No, the claim that national wealth is dependent on wealthy people has never been justifiable. The periods of greatest economic growth, and greatest prosperity, in countries such as America and Britain were in the 1950s and 1960s when wealth and income were taxed at levels which would be inconceivable today.
The economies then were stable and productive, largely because wealth was more evenly distributed. This meant that ordinary people could go out and buy things in the shops – creating the consumer economy. Very wealthy people don't buy things – they invest and speculate in houses and shares – and therefore demand in the economy withers.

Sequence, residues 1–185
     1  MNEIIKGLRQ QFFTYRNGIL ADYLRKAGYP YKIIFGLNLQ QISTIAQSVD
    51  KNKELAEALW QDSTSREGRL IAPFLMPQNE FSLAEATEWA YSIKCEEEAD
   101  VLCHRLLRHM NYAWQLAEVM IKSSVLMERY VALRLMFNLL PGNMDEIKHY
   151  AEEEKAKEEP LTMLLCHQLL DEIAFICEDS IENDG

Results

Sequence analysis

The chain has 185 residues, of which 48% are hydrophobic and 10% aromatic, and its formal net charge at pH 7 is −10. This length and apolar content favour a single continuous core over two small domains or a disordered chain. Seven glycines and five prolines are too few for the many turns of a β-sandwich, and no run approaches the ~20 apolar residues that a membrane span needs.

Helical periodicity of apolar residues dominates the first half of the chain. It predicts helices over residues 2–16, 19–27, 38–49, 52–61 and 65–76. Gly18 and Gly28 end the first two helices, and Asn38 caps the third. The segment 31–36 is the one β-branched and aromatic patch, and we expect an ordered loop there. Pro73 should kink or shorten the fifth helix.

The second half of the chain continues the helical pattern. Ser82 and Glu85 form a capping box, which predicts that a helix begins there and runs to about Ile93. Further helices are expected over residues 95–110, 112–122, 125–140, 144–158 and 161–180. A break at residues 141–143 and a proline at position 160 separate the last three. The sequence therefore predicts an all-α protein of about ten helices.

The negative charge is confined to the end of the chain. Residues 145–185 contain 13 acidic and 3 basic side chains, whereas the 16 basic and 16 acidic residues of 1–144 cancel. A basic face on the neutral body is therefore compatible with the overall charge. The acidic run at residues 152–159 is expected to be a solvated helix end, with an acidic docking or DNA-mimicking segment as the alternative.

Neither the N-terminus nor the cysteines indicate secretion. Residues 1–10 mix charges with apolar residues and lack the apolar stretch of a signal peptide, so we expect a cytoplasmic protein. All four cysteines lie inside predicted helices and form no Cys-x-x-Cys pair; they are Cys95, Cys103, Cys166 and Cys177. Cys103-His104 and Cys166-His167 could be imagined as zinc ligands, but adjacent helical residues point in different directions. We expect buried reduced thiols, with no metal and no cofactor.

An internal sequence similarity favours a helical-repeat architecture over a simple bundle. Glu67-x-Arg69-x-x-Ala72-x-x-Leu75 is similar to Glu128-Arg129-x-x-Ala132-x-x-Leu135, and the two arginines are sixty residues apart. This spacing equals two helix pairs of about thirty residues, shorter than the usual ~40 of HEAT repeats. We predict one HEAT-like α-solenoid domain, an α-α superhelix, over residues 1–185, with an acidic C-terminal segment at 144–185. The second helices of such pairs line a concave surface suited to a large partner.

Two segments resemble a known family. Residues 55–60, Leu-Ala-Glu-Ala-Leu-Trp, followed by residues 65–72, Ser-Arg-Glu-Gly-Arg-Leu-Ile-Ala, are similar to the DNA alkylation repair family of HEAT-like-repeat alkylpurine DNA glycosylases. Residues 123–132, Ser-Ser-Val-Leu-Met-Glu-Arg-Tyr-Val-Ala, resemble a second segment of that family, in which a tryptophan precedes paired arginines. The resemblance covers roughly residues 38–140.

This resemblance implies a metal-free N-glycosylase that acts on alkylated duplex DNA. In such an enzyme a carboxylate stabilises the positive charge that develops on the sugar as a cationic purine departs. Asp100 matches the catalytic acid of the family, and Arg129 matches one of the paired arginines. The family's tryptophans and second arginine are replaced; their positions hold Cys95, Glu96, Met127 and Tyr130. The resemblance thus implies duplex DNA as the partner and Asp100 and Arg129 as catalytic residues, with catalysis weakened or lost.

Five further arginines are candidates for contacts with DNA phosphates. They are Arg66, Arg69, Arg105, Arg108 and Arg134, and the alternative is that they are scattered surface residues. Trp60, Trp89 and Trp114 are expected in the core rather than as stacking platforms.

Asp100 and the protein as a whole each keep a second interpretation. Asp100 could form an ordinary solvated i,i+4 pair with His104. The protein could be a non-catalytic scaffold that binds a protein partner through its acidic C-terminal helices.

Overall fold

So, we should applaud Nick Clegg's call for a wealth tax, even though he doesn't mean it – after all he voted for the abolition of the 50% tax band on earnings over £150,000. The main wealth tax the Liberal Democrats propose is a bit of a joke: a mansion tax on homes worth more than £2m. In Scotland last year there was a grand total of 10 houses sold for over £2 million, according to Registers of Scotland (and none of them was in Glasgow). But it would be better than nothing, I suppose. At least houses can't be sent to tax havens.
Taxing other assets is difficult though not impossible. France levies a 0.5% wealth tax on net assets over £3m. Professor Greg Philo of Glasgow University has proposed a one-off 20% tax on the wealth of the top 10%, which would not be paid up front but as a kind of national death duty. This might face practical difficulties – not least a flight of funds abroad of Greek proportions. But something like this might be preferable to the alternative, which is for all of us to be robbed by high inflation.